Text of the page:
Here is a quick round-up of this week’s technology headlines and related stories you may have missed:
1. File under: "I'm not surprised in the slightest." The Australian government effectively banned Chinese telecom companies Huawei and ZTE from supplying equipment to develop the country's 5G wireless infrastructure. New legislation, which enters into force in September, requires Australian telecommunications carriers to protect their networks from national security threats, and notify the government of any changes to their equipment or services that could affect that obligation. In a joint statement, the ministers of communications and home affairs announced that "vendors who are likely to be subject to extrajudicial directions from a foreign government"—such as Huawei or ZTE, though unnamed in the statement—conflict with the new legislation. Having been banned from bidding on contracts for Australia's national broadband network in 2012, Huawei anticipated being shut out of the 5G rollout, and ran a public relations campaign hoping to stave it off. Beijing expressed concern with the decision, saying that it would harm relations between both countries, and urged Australia to "abandon ideological prejudices."
2. They’re back at it. The Department of Justice is trying to force Facebook to decrypt voice calls on Messenger so that law enforcement can wiretap a suspect’s conversations. According to Reuters, the U.S. government put forward a motion in a federal court in California to hold Facebook in contempt for refusing to carry out the wiretap request. Facebook argues providing the government with access to the conversations is impossible given that they are encrypted end-to-end, and would need to rewrite Messenger's code to comply. The incident is similar to Apple-FBI fight over the San Bernardino phone in 2016, but differs in one critical respect. In this case, the government is relying on different legislation to compel disclosure, which according to Jennifer Stisa Granick limits the extent of technical assistance the government can require a company provide to activate a wiretap. According to the Verge, however, the government might have a more compelling argument, since it appears the Facebook could comply with the government’s request without a code rewrite.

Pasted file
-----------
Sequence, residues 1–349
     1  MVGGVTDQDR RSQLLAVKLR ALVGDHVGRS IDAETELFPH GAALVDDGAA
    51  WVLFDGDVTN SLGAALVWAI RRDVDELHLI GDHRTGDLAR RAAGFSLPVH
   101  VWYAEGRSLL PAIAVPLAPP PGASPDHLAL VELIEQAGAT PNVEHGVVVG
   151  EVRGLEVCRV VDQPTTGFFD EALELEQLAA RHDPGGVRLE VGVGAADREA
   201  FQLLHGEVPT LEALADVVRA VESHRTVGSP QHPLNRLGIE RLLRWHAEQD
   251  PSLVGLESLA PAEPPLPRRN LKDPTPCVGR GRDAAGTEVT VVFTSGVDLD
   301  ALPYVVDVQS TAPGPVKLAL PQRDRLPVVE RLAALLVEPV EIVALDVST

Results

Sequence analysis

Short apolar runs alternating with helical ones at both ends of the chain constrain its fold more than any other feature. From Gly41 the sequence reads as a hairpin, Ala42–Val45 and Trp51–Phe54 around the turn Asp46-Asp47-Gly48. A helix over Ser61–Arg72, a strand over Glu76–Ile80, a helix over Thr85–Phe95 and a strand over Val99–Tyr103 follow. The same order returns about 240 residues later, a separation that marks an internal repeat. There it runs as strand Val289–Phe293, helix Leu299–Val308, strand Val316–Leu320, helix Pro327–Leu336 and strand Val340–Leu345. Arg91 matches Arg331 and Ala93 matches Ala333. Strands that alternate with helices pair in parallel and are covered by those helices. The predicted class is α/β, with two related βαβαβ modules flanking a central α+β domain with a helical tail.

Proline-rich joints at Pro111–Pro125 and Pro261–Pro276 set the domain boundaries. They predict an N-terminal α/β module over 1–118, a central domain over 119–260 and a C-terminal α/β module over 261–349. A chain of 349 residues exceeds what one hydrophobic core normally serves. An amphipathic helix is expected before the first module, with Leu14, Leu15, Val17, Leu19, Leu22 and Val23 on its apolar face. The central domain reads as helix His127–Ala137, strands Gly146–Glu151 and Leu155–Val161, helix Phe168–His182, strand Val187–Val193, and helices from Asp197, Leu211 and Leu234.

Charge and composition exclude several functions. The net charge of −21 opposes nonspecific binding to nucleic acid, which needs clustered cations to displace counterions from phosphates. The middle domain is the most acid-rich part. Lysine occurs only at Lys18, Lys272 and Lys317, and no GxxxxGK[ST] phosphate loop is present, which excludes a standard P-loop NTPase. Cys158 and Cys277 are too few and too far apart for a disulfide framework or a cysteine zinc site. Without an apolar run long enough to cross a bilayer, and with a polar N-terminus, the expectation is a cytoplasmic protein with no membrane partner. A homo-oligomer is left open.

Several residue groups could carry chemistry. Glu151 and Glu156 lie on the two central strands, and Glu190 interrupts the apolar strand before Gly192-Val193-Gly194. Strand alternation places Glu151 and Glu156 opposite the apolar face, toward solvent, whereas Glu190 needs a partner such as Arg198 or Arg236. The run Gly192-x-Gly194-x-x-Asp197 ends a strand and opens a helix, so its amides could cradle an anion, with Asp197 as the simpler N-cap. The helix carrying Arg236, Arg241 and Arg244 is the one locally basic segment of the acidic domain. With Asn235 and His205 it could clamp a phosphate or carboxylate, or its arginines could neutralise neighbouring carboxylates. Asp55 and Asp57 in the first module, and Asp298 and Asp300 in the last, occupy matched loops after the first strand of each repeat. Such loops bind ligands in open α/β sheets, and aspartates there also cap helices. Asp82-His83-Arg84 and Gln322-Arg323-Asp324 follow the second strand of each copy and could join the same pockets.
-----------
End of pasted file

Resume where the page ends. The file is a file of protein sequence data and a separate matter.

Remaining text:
3. I need a dollar. Russia is considering legislation that would require foreign internet companies subsidize Russian telecom operators to assist them in complying with the country's data retention legislation, according to Reuters. Last year, a series of new anti-terrorism measures entered into force, one of which requires Russian internet service providers (ISPs) to retain all user data and traffic that passess accross their network for upwards of six months and make it available to Moscow upon request. Ever since, Russia's ISPs have complained about the compliance costs of the requirement—estimated at $1.8 billion in the first year, and expected to rise in subsequent years—which they are expected to shoulder. The new draft legislation would allow the ISPs to offload some of the cost to Facebook, Google, and others by asking them to pay for the costs of storing traffic from their services.
4. Phishers gonna phish. Microsoft announced a phishing campaign aimed at Republican critics of President Donald J. Trump. The story grabbed headlines, but many cybersecurity experts were left scratching their heads at the extent of coverage the story got. "In short: spies are going to spy. That's true whether or not it's an election year," F-Secure security advisor Sean Sullivan said in a statement. Other experts also warned against reading too much into relatively routine cyberespionage. For its part, Motherboard was more cynical, arguing Microsoft was using the phishing campaign as a launching pad for its new account protection service for political parties and candidates this election season.
5. Player 2 has joined the game. Facebook announced that it had removed 652 pages from its platform as part of its effort to combat state-backed disinformation and influence campaigns. The social media giant said the pages targeted audiences in the United States, United Kingdom, the Middle East and Latin America posing as news sources peddling a mix of factual stories and conspiracy theories. Unlike previous takedowns that targeted the work of Russian state-sponsored actors, this one was novel in that some of the pages were controlled by actors in Iran and at least one was found to have links to PressTV, Tehran's equivalent of Moscow's RT network. FireEye, which worked with Facebook to identify the pages, said there was no coordination between the Iranian and Russian actors. Nevertheless, the incident shows that active measures and covert efforts to shape public perceptions are not limited to Russia.